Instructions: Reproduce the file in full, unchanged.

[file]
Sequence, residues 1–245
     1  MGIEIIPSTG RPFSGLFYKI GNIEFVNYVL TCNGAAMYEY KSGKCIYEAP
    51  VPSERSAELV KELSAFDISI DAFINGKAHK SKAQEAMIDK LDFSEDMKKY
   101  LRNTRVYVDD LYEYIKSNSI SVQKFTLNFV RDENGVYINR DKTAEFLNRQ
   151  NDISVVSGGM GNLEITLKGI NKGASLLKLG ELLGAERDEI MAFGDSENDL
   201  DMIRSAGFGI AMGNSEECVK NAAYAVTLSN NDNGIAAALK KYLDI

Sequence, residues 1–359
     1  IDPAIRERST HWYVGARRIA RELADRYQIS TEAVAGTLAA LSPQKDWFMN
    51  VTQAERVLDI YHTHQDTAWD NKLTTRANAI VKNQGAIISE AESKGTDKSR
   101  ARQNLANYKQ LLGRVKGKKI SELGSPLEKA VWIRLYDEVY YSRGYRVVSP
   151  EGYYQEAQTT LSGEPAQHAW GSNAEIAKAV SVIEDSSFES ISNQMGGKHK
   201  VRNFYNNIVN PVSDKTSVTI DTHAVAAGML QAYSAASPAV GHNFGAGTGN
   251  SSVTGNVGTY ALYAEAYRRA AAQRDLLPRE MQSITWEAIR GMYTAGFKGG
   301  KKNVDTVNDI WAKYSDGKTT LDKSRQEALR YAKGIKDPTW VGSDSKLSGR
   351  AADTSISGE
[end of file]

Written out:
Sequence, residues 1–245
     1  MGIEIIPSTG RPFSGLFYKI GNIEFVNYVL TCNGAAMYEY KSGKCIYEAP
    51  VPSERSAELV KELSAFDISI DAFINGKAHK SKAQEAMIDK LDFSEDMKKY
   101  LRNTRVYVDD LYEYIKSNSI SVQKFTLNFV RDENGVYINR DKTAEFLNRQ
   151  NDISVVSGGM GNLEITLKGI NKGASLLKLG ELLGAERDEI MAFGDSENDL
   201  DMIRSAGFGI AMGNSEECVK NAAYAVTLSN NDNGIAAALK KYLDI

Sequence, residues 1–359
     1  IDPAIRERST HWYVGARRIA RELADRYQIS TEAVAGTLAA LSPQKDWFMN
    51  VTQAERVLDI YHTHQDTAWD NKLTTRANAI VKNQGAIISE AESKGTDKSR
   101  ARQNLANYKQ LLGRVKGKKI SELGSPLEKA VWIRLYDEVY YSRGYRVVSP
   151  EGYYQEAQTT LSGEPAQHAW GSNAEIAKAV SVIEDSSFES ISNQMGGKHK
   201  VRNFYNNIVN PVSDKTSVTI DTHAVAAGML QAYSAASPAV GHNFGAGTGN
   251  SSVTGNVGTY ALYAEAYRRA AAQRDLLPRE MQSITWEAIR GMYTAGFKGG
   301  KKNVDTVNDI WAKYSDGKTT LDKSRQEALR YAKGIKDPTW VGSDSKLSGR
   351  AADTSISGE